It was exciting to see the unveiling of a £314 million investment plan for Edinburgh that could see the face of the city centre changing for good - and for the better. 

The proposals should see a significant reduction in traffic, twinned with an increase in footfall to the planned pedestrian areas, an improved shoppers’ experience, and a safer city centre.

They include a free ‘hopper’ bus service which locals and tourists can use to get around the periphery, and better still, officials are claiming that the project could potentially generate up to £420 million of quantifiable benefits.

The plans are also very inclusive which is hugely important if Edinburgh is to successfully heighten access to all. To open up the pedestrianised areas, lifts have been earmarked in key areas to assist those with mobility issues.

There has even been suggestion of a new bridge being built for pedestrians and cyclists to link the Old and New Town.

A huge 80 per cent of the public have already backed the plans to make the capital more people-friendly, which should go a long way towards rubber-stamping it.

The development should also be well-received by environmentalists and custodians of the city who want to reduce the damage caused by carbon monoxide emissions.

With more and more tourist visitors every year crowding Scotland’s capital, there clearly needs to be something like this in place to allow Edinburgh to grow with the times and adapt its transport network in line with sustainable needs.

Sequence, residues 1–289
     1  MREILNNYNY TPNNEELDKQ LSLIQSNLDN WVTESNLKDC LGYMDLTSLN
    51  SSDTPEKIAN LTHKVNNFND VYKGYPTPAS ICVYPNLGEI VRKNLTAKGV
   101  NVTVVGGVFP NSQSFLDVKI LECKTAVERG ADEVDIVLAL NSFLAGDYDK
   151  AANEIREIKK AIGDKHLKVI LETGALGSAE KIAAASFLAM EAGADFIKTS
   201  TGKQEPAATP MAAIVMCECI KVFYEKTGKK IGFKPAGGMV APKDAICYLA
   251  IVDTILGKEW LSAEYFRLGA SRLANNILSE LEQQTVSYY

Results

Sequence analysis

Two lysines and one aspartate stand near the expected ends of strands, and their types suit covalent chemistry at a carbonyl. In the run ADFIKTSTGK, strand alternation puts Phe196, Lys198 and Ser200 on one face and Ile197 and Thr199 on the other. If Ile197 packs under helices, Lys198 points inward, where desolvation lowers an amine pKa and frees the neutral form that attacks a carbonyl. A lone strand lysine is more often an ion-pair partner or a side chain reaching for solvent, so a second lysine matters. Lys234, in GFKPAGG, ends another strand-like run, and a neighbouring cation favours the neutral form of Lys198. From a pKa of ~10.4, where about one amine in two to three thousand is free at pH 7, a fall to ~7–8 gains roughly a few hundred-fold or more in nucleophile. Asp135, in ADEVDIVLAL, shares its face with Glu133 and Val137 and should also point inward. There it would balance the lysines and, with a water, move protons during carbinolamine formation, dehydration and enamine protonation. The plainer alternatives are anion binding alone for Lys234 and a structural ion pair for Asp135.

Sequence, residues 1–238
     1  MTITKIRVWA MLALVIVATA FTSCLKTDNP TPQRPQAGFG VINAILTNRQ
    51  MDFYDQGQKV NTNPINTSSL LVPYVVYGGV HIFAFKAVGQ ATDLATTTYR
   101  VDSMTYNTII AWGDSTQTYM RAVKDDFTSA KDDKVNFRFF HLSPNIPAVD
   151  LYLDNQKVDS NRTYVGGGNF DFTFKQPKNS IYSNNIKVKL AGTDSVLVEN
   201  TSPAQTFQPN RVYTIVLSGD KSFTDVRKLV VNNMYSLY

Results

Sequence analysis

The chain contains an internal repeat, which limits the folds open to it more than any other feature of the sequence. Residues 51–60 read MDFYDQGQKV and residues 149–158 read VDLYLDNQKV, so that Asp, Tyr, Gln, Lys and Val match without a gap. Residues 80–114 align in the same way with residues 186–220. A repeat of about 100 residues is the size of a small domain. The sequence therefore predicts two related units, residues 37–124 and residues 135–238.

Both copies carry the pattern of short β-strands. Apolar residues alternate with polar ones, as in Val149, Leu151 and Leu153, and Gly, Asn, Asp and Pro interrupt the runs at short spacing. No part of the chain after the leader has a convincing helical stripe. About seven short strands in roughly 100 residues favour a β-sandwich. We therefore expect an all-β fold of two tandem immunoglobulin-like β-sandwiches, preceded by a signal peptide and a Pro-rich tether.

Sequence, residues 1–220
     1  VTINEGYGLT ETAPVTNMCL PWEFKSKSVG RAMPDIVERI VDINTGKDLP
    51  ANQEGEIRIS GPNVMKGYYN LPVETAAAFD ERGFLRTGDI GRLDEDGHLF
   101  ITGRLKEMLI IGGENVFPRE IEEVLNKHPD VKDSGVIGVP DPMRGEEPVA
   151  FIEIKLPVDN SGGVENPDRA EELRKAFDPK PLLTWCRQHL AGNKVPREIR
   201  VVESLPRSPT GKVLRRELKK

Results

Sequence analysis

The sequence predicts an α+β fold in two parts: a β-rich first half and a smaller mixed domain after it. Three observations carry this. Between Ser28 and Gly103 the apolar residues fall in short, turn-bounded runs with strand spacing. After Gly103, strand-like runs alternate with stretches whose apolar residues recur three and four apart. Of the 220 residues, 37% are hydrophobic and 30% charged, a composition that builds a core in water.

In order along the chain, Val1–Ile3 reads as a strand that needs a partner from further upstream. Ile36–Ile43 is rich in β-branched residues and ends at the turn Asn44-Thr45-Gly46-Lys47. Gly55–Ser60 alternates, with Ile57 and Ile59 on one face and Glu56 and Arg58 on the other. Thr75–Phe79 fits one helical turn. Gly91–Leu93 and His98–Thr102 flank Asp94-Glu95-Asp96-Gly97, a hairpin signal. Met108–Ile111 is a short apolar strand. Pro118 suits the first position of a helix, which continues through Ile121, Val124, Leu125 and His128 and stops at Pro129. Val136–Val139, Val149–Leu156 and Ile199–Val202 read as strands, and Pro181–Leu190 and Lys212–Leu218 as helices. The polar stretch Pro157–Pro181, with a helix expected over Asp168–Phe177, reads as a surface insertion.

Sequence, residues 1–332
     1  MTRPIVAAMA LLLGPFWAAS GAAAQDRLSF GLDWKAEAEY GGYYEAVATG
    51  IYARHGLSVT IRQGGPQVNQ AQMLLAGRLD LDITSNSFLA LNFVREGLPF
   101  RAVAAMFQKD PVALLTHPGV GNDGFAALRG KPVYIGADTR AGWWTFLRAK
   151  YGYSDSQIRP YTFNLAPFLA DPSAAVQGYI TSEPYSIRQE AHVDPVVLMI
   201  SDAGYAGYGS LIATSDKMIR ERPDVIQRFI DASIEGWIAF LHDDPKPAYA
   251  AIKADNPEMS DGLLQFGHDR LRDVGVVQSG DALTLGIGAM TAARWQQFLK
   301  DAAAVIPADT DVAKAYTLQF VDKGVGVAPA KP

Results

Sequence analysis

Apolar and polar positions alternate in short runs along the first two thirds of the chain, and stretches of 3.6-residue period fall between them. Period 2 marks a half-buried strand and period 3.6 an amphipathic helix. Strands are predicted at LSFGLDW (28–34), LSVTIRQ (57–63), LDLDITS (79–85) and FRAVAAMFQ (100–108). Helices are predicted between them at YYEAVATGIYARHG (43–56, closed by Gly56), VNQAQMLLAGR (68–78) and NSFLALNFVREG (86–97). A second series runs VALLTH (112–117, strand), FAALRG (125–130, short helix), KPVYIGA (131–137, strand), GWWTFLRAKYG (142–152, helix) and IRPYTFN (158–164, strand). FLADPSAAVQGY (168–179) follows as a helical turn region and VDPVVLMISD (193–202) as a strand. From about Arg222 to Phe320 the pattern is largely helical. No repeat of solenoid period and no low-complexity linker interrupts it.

Of course, some residents will inevitably bemoan new bus routes which will bypass major roads such as Princes Street, Victoria Street and a stretch of the Royal Mile being completely closed to traffic.   

There will also be commuters and taxi drivers up in arms with regards to getting through the city centre, with potential loss of earnings to take into account – but some necessities are simply bigger than others.

Personally, I’m curious to see how this proposal will deal with the knock-on effect of increased traffic on the peripheral areas.

I look forward to seeing how this development progresses and how the issues will be resolved.



It made me laugh to see Glaswegians being unable to eraser from their minds the thought of a new stationery brand which is soon to hit the high street.

Locals have been taking to social media to share their joy at the arrival of Typo which has been pencilled in for an October launch at Glasgow’s Buchanan Galleries.

Offering everything to meet your stationery needs, from quirky gifts, homeware pieces, and DIY crafts, there is something for everyone to enjoy.

Typo’s success speaks for itself. It is one of Australia’s fastest-growing lifestyle brands, with over 250 stores across 14 countries.

If you can’t sit stationary and wait for the grand opening, you can start shopping the brand online.

I look forward to running the ruler over it myself.



It makes me very sad to see how Scottish businesses are being affected by Brexit.

Isle of Skye Chocolate has been supplying high-end chocolate products to local businesses and beyond.

Unfortunately, the business owner announced on Facebook that they have taken the hard decision to close the much-loved chocolate company.

The chocolatiers have been struggling to keep afloat for the past three years, and have been ever since the UK voted to leave the EU.

With raw material prices increasing for the company by around 30 per cent due to their chocolate coming from Belgium, and the value of the pound against the Euro dropping, it seems to be impossible for the owners to carry on.

What a sad sign of the times.